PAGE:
Institutions’ substantial holdings in NZME implies that they have significant influence over the company’s share price
53% of the business is held by the top 4 shareholders
Past performance of a company along with ownership data serve to give a strong idea about prospects for a business
If you want to know who really controls NZME Limited (NZSE:NZM), then you’ll have to look at the makeup of its share registry. The group holding the most number of shares in the company, around 42% to be precise, is institutions. Put another way, the group faces the maximum upside potential (or downside risk).
Since institutional have access to huge amounts of capital, their market moves tend to receive a lot of scrutiny by retail or individual investors. Hence, having a considerable amount of institutional money invested in a company is often regarded as a desirable trait.
Let’s take a closer look to see what the different types of shareholders can tell us about NZME.
View our latest analysis for NZME
What Does The Institutional Ownership Tell Us About NZME?
Institutions typically measure themselves against a benchmark when reporting to their own investors, so they often become more enthusiastic about a stock once it’s included in a major index. We would expect most companies to have some institutions on the register, especially if they are growing.
We can see that NZME does have institutional investors; and they hold a good portion of the company’s stock. This suggests some credibility amongst professional investors. But we can’t rely on that fact alone since institutions make bad investments sometimes, just like everyone does. It is not uncommon to see a big share price drop if two large institutional investors try to sell out of a stock at the same time. So it is worth checking the past earnings trajectory of NZME, (below). Of course, keep in mind that there are other factors to consider, too.
It would appear that 36% of NZME shares are controlled by hedge funds. That catches my attention because hedge funds sometimes try to influence management, or bring about changes that will create near term value for shareholders. Looking at our data, we can see that the largest shareholder is Repertoire Partners LP with 20% of shares outstanding. Meanwhile, the second and third largest shareholders, hold 13% and 11%, of the shares outstanding, respectively. Furthermore, CEO Michael Boggs is the owner of 0.8% of the company’s shares.
On looking further, we found that 53% of the shares are owned by the top 4 shareholders. In other words, these shareholders have a meaningful say in the decisions of the company.
Researching institutional ownership is a good way to gauge and filter a stock’s expected performance. The same can be achieved by studying analyst sentiments. While there is some analyst coverage, the company is probably not widely covered. So it could gain more attention, down the track.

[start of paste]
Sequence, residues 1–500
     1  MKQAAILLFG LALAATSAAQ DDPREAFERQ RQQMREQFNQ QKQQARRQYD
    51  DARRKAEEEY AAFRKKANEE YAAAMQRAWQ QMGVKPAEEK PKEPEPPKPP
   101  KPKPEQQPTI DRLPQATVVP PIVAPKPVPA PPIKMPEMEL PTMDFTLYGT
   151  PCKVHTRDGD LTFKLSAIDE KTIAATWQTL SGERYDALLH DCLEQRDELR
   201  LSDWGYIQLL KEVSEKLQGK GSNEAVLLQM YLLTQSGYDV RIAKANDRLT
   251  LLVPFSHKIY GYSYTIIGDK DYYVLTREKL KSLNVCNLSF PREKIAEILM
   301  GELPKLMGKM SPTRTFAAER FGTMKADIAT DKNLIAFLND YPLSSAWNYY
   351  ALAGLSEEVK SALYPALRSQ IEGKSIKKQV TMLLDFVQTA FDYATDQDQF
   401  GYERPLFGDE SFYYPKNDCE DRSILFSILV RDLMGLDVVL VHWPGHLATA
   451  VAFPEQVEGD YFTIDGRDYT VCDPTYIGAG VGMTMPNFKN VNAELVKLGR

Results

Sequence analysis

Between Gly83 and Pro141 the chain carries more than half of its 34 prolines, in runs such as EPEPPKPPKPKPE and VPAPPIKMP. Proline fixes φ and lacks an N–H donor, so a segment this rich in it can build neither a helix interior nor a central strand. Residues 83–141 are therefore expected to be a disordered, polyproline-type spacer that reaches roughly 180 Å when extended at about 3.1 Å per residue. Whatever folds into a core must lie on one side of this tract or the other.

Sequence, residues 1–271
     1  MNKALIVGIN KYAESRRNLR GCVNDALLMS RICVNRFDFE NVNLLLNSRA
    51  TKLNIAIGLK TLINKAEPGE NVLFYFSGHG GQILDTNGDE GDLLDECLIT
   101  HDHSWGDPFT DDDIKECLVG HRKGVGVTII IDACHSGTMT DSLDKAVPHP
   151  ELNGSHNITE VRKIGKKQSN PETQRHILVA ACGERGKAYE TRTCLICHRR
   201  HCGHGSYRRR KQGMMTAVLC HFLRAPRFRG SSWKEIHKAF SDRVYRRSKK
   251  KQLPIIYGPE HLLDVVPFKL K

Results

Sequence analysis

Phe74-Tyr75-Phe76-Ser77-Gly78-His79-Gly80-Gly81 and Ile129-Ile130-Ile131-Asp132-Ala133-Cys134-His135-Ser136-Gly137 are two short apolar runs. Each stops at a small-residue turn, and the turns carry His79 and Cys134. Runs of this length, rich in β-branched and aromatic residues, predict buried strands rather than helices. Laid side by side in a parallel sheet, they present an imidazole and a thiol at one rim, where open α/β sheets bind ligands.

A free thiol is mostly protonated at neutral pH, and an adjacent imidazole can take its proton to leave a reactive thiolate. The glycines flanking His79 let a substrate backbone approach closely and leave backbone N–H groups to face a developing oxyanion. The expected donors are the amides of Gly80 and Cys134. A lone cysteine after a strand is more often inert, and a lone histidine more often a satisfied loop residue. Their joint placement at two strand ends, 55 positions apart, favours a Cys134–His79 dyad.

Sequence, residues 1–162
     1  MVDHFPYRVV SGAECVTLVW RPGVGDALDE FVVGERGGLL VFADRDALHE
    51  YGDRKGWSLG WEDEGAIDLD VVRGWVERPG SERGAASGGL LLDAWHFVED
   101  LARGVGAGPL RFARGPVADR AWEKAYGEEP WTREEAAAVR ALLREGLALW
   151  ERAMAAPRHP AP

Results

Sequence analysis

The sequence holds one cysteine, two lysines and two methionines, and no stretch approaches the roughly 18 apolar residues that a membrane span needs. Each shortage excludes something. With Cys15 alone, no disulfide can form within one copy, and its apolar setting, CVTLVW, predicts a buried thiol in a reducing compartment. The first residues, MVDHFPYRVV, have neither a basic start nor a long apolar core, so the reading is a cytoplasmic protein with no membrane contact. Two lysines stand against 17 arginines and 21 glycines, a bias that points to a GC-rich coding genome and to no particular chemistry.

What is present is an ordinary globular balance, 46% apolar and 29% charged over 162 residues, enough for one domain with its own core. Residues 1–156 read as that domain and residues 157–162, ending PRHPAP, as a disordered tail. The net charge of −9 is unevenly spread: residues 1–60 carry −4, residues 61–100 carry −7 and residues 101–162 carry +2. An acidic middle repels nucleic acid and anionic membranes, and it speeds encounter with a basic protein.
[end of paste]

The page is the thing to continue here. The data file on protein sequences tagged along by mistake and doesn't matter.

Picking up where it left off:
Insider Ownership Of NZME
While the precise definition of an insider can be subjective, almost everyone considers board members to be insiders. Company management run the business, but the CEO will answer to the board, even if he or she is a member of it.
Most consider insider ownership a positive because it can indicate the board is well aligned with other shareholders. However, on some occasions too much power is concentrated within this group.
We can report that insiders do own shares in NZME Limited. It has a market capitalization of just NZ$182m, and insiders have NZ$3.2m worth of shares, in their own names. This shows at least some alignment, but we usually like to see larger insider holdings. You can click here to see if those insiders have been buying or selling.
General Public Ownership
The general public– including retail investors — own 20% stake in the company, and hence can’t easily be ignored. While this group can’t necessarily call the shots, it can certainly have a real influence on how the company is run.
While it is well worth considering the different groups that own a company, there are other factors that are even more important. To that end, you should be aware of the 2 warning signs we’ve spotted with NZME .
But ultimately it is the future, not the past, that will determine how well the owners of this business will do. Therefore we think it advisable to take a look at this free report showing whether analysts are predicting a brighter future.
NB: Figures in this article are calculated using data from the last twelve months, which refer to the 12-month period ending on the last date of the month the financial statement is dated. This may not be consistent with full year annual report figures.
Have feedback on this article? Concerned about the content? Get in touch with us directly. Alternatively, email editorial-team (at) simplywallst.com.
This article by Simply Wall St is general in nature. We provide commentary based on historical data and analyst forecasts only using an unbiased methodology and our articles are not intended to be financial advice. It does not constitute a recommendation to buy or sell any stock, and does not take account of your objectives, or your financial situation. We aim to bring you long-term focused analysis driven by fundamental data. Note that our analysis may not factor in the latest price-sensitive company announcements or qualitative material. Simply Wall St has no position in any stocks mentioned.
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